A charming tale uniquely told in 12 chapters that include a recipe for each month of the year. The youngest daughter of an extremely overbearing mother must forego love and fulfill a family obligation to care for her mama for as long as she lives.
Set in early 1900’s Mexico, the DelaGarza daughters live with their widowed mother on their ranch during the Mexican Revolution. Each of the sisters wish to escape from their mother’s stranglehold and each will do so in their own exceptional way.
The unfortunately youngest DelaGarza, Tita, is raised primarily by the family’s cook, Nacha where she spends most of her time so learns about food and life in the kitchen. When a young man wishes to ask for her hand, she is flabbergasted to learn that her mother expects her to care for her indefinitely and then proceeds to marry off her sister Rosaura to Tita’s true love. Tita becomes a cook who puts her all into everything she creates with quite interesting results for those who enjoy her cuisine.
The DelaGarza matriarch, Mama Elena, is the bane of the family’s existence. Demanding, hypercritical, manipulative and often cruel, she spews orders to all those around her and never waits for nor expects any response. A long-buried secret eventually reveals what has turned her into a bitter and spiteful woman. A woman to avoid at all costs.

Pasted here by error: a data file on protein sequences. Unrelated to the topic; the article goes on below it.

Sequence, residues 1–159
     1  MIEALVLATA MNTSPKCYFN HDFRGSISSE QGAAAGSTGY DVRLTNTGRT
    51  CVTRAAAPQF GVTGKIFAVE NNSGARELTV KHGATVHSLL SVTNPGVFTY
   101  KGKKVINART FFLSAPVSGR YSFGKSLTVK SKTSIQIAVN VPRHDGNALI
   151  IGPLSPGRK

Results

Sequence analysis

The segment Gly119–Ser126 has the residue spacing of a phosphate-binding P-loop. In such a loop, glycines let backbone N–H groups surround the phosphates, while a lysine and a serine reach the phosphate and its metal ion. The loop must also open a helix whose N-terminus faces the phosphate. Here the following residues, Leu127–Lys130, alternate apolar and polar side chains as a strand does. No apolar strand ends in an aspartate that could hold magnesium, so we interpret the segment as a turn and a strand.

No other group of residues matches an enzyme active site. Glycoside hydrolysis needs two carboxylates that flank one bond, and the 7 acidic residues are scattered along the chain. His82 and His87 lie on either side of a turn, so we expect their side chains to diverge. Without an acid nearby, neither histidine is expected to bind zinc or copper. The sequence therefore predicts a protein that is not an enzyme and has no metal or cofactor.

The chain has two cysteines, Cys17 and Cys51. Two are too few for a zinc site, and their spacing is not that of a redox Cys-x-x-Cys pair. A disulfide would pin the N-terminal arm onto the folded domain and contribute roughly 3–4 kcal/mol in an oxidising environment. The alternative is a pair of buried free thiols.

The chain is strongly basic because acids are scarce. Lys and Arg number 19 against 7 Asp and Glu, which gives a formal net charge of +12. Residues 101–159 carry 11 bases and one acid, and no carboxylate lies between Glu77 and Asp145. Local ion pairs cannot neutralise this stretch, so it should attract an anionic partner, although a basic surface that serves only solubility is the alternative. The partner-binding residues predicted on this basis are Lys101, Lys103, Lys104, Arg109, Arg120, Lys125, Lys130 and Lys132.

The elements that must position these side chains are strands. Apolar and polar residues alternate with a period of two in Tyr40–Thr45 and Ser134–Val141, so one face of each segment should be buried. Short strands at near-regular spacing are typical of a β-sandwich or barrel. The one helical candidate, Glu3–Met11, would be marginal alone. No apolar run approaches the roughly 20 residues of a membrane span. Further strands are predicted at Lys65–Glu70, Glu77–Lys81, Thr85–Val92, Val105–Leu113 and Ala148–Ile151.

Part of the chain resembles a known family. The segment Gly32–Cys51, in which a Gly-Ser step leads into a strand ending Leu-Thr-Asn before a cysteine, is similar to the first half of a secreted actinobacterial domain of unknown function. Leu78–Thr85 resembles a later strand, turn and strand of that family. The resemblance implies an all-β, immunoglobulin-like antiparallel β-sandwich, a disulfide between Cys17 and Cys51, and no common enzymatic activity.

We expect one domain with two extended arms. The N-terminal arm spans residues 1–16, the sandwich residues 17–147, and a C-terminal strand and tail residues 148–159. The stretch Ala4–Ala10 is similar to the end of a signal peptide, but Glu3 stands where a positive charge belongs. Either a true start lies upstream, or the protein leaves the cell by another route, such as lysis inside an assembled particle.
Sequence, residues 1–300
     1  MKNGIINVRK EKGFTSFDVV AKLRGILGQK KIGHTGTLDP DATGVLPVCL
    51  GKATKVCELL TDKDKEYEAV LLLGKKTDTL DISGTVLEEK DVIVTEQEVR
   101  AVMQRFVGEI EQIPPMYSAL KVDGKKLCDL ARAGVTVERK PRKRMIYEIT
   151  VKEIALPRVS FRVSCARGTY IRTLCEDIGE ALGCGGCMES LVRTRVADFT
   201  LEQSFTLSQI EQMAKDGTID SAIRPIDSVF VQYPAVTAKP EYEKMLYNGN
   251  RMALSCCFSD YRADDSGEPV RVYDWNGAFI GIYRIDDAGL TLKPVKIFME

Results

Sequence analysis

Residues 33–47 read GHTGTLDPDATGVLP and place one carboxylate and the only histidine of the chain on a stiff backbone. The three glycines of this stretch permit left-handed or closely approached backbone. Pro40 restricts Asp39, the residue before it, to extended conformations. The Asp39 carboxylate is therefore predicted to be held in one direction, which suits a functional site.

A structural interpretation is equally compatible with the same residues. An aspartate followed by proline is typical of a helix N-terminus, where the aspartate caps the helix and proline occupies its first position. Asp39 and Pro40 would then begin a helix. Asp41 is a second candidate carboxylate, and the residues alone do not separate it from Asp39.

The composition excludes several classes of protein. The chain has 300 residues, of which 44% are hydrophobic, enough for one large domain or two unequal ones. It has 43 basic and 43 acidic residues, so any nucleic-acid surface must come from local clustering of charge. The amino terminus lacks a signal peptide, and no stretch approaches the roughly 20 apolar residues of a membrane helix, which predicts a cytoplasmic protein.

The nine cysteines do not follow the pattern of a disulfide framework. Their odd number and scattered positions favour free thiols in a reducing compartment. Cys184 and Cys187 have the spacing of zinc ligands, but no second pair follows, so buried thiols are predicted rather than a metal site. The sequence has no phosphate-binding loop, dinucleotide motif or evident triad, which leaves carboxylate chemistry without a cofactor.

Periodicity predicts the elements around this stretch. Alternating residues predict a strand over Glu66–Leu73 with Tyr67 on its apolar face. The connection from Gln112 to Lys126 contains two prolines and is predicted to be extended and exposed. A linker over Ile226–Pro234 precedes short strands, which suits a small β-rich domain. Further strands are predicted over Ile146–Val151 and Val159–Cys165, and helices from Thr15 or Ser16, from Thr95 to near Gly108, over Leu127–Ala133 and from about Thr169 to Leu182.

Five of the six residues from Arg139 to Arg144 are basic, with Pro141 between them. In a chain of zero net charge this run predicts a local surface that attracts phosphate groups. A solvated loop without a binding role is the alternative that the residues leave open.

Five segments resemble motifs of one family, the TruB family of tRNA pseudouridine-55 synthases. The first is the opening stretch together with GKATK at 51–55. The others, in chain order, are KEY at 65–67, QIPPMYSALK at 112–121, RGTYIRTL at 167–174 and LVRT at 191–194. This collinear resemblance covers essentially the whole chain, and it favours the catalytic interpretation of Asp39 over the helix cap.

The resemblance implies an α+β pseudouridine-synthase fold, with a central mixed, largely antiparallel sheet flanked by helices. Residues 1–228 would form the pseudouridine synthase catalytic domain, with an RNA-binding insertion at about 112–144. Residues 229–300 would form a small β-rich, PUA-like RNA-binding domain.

The good sister, Gertrudis, disappears from the ranch after enjoying a meal served by Tita and sets out in a trance like manner to the astonishment of her family. She runs off naked with a stranger, is purported to be working in a brothel and then to have joined the rebels. When Tita faces a crisis, she returns to the family ranch a general in the revolutionary army with fascinating tales of her exploits.
Rosaura DelaGarza marries Pedro Muzuiz, Tita’s love, at her mother’s urgings. Aware of her sister’s feelings, yet compelled to honor her mother’s wishes, she proceeds to begin a life with a man whose heart will never belong to her. Marriage, children and moving from the family home still do not change her husband’s feelings and she eventually succumbs to some unusual physical symptoms.
I would just love to speak with Ms. Esquivel about her ability to capture unique personalities and the conflicts that seem to abound in most families. While I’d never be so bold as to suggest a celebrated author change a thing about their work, I’d have to ask why Tita chose Pedro over John (c’mon now). Perhaps we could chat in the kitchen and share some recipes while discussing all things literary.
My rating for Like Water for Chocolate is a 9 out of 10.
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